"Climb the mountains and get their good tidings.
    Nature's peace will flow into you as sunshine flows into trees.
    The winds will blow their own freshness into you, and the storms their energy,
    while cares will drop away from you like the leaves of Autumn." ó John Muir


  4. #4

    Join Date
    Mar 2011
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    I agree with Shug, bring the tarp, even if you don't use it. Also bring your blue pad - you might be a warm sleeper, but at 50F you may still experience CBS (Cold Butt Syndrome) without something underneath you. I've been able to use a simple CCF pad very comfortably to <35F, so they definitely work.

  5. #5
    lostagain's Avatar
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    Aug 2012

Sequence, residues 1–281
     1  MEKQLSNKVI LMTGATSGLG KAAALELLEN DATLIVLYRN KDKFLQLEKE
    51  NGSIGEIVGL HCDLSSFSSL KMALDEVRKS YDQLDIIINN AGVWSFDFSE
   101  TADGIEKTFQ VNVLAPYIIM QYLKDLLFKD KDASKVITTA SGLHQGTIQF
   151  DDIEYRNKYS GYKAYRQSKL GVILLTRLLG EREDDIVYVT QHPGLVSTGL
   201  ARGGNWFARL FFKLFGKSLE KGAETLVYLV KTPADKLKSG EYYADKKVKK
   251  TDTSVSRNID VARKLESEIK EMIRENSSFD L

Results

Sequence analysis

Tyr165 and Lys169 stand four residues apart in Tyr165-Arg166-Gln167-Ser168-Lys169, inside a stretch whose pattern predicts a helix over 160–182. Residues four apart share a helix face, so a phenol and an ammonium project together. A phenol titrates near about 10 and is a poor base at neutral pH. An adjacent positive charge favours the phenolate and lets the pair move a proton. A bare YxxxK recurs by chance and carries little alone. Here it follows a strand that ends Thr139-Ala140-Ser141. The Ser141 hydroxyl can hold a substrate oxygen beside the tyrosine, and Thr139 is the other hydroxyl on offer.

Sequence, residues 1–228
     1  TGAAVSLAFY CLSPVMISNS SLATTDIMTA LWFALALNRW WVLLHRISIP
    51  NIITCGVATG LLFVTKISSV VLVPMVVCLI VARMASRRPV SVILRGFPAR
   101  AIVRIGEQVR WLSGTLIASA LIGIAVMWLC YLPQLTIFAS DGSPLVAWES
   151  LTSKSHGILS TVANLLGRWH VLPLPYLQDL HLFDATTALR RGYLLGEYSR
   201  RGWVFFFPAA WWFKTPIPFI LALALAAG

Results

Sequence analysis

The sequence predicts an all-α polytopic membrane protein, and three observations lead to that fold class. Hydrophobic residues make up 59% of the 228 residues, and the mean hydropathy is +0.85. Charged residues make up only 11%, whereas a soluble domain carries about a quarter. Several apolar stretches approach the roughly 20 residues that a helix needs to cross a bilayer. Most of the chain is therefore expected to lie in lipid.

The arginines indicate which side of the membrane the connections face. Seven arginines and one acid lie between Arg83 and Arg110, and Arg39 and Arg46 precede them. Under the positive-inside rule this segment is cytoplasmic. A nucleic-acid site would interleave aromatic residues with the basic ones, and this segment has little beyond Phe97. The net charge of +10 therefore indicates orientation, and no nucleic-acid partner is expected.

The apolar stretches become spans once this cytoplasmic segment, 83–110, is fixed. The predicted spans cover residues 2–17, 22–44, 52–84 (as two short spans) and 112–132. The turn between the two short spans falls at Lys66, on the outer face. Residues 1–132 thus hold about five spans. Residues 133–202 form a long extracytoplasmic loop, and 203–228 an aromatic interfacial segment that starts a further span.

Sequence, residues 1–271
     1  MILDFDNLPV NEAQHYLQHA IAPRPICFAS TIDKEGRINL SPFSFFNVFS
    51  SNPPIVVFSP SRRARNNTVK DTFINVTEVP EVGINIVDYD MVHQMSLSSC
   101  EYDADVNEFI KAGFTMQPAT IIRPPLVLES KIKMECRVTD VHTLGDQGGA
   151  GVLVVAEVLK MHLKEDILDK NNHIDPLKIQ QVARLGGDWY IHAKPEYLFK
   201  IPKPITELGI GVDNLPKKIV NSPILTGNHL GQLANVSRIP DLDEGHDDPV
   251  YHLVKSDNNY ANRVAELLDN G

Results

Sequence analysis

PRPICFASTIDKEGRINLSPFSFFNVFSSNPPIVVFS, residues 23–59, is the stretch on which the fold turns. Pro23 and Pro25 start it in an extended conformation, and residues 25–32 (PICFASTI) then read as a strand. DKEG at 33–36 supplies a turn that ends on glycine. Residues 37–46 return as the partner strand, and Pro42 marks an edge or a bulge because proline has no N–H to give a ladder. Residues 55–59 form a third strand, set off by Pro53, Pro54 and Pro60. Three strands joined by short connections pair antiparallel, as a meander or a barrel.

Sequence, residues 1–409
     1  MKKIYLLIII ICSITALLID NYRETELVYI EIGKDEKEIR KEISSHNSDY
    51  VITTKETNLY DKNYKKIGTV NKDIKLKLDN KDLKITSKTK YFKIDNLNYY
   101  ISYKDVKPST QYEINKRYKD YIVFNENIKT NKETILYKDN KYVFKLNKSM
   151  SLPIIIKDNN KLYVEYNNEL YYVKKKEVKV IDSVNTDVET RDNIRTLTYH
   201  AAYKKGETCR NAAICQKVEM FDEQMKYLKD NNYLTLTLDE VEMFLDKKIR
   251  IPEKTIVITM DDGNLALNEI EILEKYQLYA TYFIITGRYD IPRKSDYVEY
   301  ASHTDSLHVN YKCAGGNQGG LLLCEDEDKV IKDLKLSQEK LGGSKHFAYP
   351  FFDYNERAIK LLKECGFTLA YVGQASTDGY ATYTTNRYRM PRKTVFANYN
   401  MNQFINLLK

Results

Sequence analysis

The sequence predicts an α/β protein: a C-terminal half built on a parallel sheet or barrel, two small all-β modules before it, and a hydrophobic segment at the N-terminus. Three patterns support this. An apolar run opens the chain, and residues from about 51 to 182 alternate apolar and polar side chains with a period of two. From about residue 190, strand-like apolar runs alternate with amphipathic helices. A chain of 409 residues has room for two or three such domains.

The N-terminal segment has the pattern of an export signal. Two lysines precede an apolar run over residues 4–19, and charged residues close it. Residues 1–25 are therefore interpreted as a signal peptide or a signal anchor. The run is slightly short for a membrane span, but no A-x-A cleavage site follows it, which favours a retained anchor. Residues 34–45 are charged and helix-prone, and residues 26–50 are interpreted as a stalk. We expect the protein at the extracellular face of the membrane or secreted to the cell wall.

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    Terrell, TX
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    +1 for both Shug and Loki. However, for a bugnet on a budget (try saying that five times fast), you can't beat the easy-ness (easiness?) of an ENO Guardian. It's $60 @ REI and you can find them online for a little less. Easy to install and gives you the option of "see if I like this type of bugnet" before spending much more on other types. See this thread for more opions on bugnets.
    Remember...no matter where you go...there you are.

    "I have said that Texas is a state of mind, but I think it is more than that. It is a mystique closely approximating a religion". - John Steinbeck


  6. #6
    Senior Member dfscott's Avatar
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    Thanks all, for the advice.

    However, to clarify: are you saying to dump the 8x10 homemade tarp (I. E. The diamond draped over a continuous ridge line shown in the ultimate hang) in favor of an actual store-bought tarp? Or are you just saying to make sure and bring one?

    (And a special thanks to you, Shug, for the reply. My 10yo son Zander and I watched about 8 of your videos back to back yesterday and he thought you were hilarious. He'll be excited to know that I've now had a brush with greatness )

  7. #7

    Join Date